Running out of options, the president of Palau, Johnson Toribiong, stepped up and said, “Palau would be honored and proud to take them in as a humanitarian gesture.” (See linked New York Times article for the details.)

We’re still waiting to hear from our other allies—Gordon Brown or Nicolas Sarkozy, for example, though England and France, after much arm-twisting by their new best friend, Barack Obama, did agree to take one detainee each.

OK, so we’re giving Palau $200 million in “long-term development aid.” After all, they can’t get by on just what they earn from scuba diving junkets or as the setting for the reality show Survivor, which twice before used this Pacific paradise as the location for their antics.

Maybe Pago Pago will now take a few. And even Bikini Atoll where we tested H bombs back in the 40s and 50s. It’s radiation free these days and also could also use some development aid. As you might imagine, their tourism business is still not happening.

Wednesday, June 10, 2009

June 10, 2009--One-On-One With Kim Jong-un

Yesterday I helped solve our problems with Iran. Today, I turn my attention to North Korea.

We are stymied with what to do about them. They have been testing long-range missiles and exploding nuclear weapons. They have detained and "convicted” two American journalists and sentenced them to 12 years of hard labor. And they are threatening to nuke anyone who lays a hand on them.

The Obama administration, like the Bush and Clinton administrations before them, is frustrated about what to do. Hillary Clinton is saying that we might interdict ships entering and leaving North Korean ports to see if they are carrying nuclear weapons components or missiles. We are attempting to put pressure on China, North Korea's foremost protector, to get tough with them. Maybe cut off their oil supply. And of course we are trying to get the UN to issue more (meaningless) proclamations.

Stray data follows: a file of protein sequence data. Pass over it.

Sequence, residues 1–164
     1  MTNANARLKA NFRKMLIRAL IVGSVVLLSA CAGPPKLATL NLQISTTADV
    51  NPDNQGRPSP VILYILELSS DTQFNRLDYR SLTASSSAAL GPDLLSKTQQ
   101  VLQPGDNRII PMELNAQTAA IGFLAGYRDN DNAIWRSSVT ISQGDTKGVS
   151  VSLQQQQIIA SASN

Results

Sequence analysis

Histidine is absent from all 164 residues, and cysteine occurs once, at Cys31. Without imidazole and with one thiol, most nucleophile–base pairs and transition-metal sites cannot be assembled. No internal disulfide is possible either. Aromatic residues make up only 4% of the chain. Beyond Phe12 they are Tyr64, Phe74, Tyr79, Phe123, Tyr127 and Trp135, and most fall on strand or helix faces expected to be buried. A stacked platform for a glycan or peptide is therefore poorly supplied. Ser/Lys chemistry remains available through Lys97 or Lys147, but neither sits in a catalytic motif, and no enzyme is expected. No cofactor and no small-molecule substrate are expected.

All the while, pundits and government officials are wondering what's going on there to so harden their line. Most speculate this is all because of plans for an anticipated change in leadership. Kim Jong-il is 69 years old and appears to be in ill health because of a recent stroke. To assure that his younger son will succeed him, they speculate, that Kim has to demonstrate to the military elites, who in many ways run the country, that he is in tough and still in charge. Thus all the militant and threatening action and bluster.

Pulling off this succession plan will not be easy even for the Maximum Leader. There are forces within the military who would prefer someone else, and there is even evidence that Kim’s older son may be plotting to keep his brother off the presidential throne.

Thinking about this young son, who is only in his twenties (no one knows for certain), I have been wondering what kind of leader he might make because there are some examples of improved behavior when sons take over for retiring fathers. OK, some examples. Not all. Not George W. Bush, I'll grant you that; but we are beginning to see moderation in Syria where Bashar al-Assad took over from his father, Hafez al-Assad, when he died suddenly in 2000. He seems more accommodating to the west. Maybe because he studied opthomology in London and married a Brit.

Little is known about Kim Jong-un, beyond reports in the New York Times (linked below) that he was secretly schooled in Switzerland under an assumed name, posing as the son of a driver in the nearby North Korean Embassy, and that he liked to ski on Switzerland’s fabled slopes. And that he is a big fan of Michael Jordan.

So there’s the opening. His love for Michael Jordon. A Chicago Bull, recall? The greatest basketball player of all time, right? And where is Barack Obama from? Chicago, no? And what sport does he love the most? Basketball, yes?

I assume you’re catching my drift.